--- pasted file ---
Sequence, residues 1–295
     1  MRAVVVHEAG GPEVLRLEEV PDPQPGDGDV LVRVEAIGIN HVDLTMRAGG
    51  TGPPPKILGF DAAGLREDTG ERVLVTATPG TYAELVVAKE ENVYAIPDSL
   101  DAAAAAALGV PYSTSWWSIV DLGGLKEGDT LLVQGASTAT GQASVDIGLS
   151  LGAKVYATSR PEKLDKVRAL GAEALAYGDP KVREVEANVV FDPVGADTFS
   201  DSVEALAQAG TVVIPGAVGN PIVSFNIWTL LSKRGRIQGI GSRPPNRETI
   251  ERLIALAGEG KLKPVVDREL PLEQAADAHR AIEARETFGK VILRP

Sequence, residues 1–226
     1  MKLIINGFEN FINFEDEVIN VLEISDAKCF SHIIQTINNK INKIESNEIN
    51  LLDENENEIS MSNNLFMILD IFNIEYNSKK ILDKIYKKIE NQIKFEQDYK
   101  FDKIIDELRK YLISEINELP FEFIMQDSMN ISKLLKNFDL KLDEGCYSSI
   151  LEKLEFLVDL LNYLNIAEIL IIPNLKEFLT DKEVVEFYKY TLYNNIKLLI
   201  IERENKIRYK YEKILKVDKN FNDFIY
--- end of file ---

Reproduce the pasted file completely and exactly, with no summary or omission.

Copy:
Sequence, residues 1–295
     1  MRAVVVHEAG GPEVLRLEEV PDPQPGDGDV LVRVEAIGIN HVDLTMRAGG
    51  TGPPPKILGF DAAGLREDTG ERVLVTATPG TYAELVVAKE ENVYAIPDSL
   101  DAAAAAALGV PYSTSWWSIV DLGGLKEGDT LLVQGASTAT GQASVDIGLS
   151  LGAKVYATSR PEKLDKVRAL GAEALAYGDP KVREVEANVV FDPVGADTFS
   201  DSVEALAQAG TVVIPGAVGN PIVSFNIWTL LSKRGRIQGI GSRPPNRETI
   251  ERLIALAGEG KLKPVVDREL PLEQAADAHR AIEARETFGK VILRP

Sequence, residues 1–226
     1  MKLIINGFEN FINFEDEVIN VLEISDAKCF SHIIQTINNK INKIESNEIN
    51  LLDENENEIS MSNNLFMILD IFNIEYNSKK ILDKIYKKIE NQIKFEQDYK
   101  FDKIIDELRK YLISEINELP FEFIMQDSMN ISKLLKNFDL KLDEGCYSSI
   151  LEKLEFLVDL LNYLNIAEIL IIPNLKEFLT DKEVVEFYKY TLYNNIKLLI
   201  IERENKIRYK YEKILKVDKN FNDFIY